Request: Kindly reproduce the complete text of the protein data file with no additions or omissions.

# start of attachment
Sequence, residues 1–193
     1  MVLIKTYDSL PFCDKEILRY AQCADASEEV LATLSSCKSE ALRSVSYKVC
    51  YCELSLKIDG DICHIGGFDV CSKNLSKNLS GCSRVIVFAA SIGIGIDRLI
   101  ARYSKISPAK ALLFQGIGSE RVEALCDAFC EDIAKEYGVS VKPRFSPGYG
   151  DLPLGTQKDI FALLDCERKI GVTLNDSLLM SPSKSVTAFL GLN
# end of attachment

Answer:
Sequence, residues 1–193
     1  MVLIKTYDSL PFCDKEILRY AQCADASEEV LATLSSCKSE ALRSVSYKVC
    51  YCELSLKIDG DICHIGGFDV CSKNLSKNLS GCSRVIVFAA SIGIGIDRLI
   101  ARYSKISPAK ALLFQGIGSE RVEALCDAFC EDIAKEYGVS VKPRFSPGYG
   151  DLPLGTQKDI FALLDCERKI GVTLNDSLLM SPSKSVTAFL GLN